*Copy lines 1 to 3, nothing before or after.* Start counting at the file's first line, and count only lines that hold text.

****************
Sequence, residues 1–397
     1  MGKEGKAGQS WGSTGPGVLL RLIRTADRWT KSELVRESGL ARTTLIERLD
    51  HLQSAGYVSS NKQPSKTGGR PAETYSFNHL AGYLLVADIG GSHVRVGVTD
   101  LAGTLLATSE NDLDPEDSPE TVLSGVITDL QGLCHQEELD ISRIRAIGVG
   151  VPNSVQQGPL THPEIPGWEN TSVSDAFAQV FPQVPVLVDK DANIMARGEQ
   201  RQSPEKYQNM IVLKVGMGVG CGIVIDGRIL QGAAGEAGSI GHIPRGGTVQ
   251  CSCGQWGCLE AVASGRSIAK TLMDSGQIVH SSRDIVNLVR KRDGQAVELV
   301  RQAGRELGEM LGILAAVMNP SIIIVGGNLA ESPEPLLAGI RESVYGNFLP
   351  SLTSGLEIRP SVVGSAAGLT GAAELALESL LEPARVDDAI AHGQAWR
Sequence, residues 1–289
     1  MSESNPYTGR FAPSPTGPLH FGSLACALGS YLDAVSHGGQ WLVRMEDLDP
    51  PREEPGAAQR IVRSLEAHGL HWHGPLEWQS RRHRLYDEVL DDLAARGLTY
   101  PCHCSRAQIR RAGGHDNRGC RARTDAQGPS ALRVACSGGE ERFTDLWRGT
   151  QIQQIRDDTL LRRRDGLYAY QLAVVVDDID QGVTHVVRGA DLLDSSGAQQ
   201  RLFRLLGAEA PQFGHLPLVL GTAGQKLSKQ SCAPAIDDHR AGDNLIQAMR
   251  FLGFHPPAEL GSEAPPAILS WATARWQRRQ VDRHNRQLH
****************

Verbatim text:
Sequence, residues 1–397
     1  MGKEGKAGQS WGSTGPGVLL RLIRTADRWT KSELVRESGL ARTTLIERLD
    51  HLQSAGYVSS NKQPSKTGGR PAETYSFNHL AGYLLVADIG GSHVRVGVTD